The look of it was so ancient. In my mind’s eye I could see giant prehistoric birds flying overhead and hear the calls of the indigenous peoples as they scaled the mountainsides. If only photos could impart emotions I would share these with you as well. Guess you’ll just have to visit there yourselves. 🙂
So, we began our journey back with light, satisfied hearts. The treacherous places seemed less so now and we even took time to enjoy more of the sights along the trail on our hike back.
We climbed down to cool our fingers and toes in the river where it created the first waterfall.
This little beauty thought my husband’s head a nice place for a rest.
Then it blessed me as well with its presence before darting off across the river and into the far wooded hillside.
What an amazing place and an amazing hike.
We are constantly in awe of the natural order here. These bromeliad are opportunistic in nature, attaching to any dying tree and living there. They were scattered in the trees as high as the eye could see. What more could we have hoped for?
Wait…what’s this? Near the entrance to the hiking trail, just outside of the trout hatchery, there was a small group gathered beneath a stand of trees, just gazing up and pointing. Could it be? Another prize? Yes, surely it was. Thanks to a lovely young man who was also taking photos I was able to spot the pair of Quetzals that held their fascination. This pair was nesting in the top of a rotten tree there next to the hatchery. So much life in what is so often discounted as useless. Dead trees. Hmmmm….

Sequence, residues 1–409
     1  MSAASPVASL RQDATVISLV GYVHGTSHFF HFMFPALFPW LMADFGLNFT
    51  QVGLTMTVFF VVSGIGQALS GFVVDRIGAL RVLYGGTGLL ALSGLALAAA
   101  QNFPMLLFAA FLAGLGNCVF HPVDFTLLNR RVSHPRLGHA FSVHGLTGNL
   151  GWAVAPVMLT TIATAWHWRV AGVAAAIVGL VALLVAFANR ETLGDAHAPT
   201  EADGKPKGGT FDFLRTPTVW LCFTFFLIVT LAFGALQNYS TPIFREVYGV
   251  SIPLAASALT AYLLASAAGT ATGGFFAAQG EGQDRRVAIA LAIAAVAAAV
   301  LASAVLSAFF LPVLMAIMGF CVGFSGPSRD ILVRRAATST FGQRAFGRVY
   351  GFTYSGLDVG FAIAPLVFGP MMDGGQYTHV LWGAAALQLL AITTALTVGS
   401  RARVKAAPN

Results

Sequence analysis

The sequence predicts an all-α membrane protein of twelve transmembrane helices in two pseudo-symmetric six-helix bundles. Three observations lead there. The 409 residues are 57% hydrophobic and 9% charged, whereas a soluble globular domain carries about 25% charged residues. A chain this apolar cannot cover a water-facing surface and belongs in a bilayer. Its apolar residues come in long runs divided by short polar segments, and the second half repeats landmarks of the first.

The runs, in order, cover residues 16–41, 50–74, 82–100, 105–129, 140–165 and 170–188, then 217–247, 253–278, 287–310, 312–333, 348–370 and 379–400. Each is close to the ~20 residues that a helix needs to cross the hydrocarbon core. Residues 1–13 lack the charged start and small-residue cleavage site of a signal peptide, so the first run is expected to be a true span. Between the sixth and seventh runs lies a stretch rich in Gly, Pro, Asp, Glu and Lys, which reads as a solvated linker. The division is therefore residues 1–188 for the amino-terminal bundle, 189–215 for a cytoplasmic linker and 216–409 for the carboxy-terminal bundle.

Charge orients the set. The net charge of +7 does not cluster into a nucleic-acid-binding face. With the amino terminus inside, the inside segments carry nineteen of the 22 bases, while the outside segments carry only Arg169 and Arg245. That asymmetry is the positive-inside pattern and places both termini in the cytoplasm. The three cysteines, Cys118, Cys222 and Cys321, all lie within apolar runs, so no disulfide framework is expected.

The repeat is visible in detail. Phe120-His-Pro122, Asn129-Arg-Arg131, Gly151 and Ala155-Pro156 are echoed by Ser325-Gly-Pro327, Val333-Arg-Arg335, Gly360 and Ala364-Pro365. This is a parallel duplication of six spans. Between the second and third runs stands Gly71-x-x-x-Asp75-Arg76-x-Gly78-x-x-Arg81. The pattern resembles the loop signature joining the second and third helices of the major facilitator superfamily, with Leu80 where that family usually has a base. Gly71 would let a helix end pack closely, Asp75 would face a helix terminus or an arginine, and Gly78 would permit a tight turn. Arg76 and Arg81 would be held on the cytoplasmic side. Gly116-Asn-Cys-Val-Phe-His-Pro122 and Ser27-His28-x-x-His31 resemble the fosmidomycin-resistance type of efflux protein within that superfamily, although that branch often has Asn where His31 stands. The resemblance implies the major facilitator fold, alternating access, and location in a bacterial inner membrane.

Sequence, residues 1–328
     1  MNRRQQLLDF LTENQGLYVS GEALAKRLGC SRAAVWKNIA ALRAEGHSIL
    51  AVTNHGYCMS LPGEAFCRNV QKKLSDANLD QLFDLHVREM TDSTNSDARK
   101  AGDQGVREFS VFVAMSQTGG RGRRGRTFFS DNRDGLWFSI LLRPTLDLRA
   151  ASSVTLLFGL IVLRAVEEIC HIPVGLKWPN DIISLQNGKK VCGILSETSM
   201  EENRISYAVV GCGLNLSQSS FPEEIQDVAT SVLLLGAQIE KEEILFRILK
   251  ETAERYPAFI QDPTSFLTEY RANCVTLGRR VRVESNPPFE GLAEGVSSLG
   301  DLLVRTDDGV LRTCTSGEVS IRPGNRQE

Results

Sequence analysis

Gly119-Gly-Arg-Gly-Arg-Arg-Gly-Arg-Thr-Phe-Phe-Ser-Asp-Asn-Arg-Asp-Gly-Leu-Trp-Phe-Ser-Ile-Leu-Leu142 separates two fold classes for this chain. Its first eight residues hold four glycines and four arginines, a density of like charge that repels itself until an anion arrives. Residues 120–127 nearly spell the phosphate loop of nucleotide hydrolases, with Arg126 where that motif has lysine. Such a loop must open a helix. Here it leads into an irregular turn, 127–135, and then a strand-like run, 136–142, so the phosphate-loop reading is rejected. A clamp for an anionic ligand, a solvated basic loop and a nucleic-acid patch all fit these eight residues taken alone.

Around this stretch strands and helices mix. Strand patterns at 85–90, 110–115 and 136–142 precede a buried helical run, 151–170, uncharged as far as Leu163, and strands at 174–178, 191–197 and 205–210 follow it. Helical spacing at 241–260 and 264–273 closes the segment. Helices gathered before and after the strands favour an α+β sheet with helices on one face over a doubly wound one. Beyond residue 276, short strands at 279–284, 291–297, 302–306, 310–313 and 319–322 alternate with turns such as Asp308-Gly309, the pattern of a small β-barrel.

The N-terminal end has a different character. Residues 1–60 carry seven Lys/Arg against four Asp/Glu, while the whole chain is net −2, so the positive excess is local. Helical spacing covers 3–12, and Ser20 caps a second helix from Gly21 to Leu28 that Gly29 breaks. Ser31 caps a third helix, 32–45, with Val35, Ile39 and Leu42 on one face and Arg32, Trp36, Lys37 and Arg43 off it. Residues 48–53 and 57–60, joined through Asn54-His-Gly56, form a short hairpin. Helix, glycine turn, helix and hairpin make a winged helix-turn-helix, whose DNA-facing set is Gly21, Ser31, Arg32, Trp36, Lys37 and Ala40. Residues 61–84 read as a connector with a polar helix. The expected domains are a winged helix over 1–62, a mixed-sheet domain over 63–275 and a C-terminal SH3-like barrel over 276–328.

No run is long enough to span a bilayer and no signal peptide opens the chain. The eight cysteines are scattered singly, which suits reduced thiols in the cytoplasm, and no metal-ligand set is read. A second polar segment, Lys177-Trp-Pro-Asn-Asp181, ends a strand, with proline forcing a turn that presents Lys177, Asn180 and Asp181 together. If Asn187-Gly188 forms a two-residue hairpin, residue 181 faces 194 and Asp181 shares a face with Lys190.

I was able to get a few nice shots but these were the days with the “old” camera. Still, it was a momentous occasion for us.
And what a beautiful pair they made.
It can be very tricky spotting these lovely birds as they camouflage so well among the tree branches. Usually you can spot the tail of the male, gently wafting on a breeze.
And so we left them to their nesting as we made our way back to the lodge. The walk back seemed to pass much more quickly, as though we were floating. All in all we were gone about five hours.
We passed the stables where the horses for riding tours were hitched next to the road.
Who’s ready for Happy Hour? Me! Happy Hiking. Remember, to check out Savegre Lodge or their tours, simply go to their website at savegremountainlodge.com
Pura Vida All!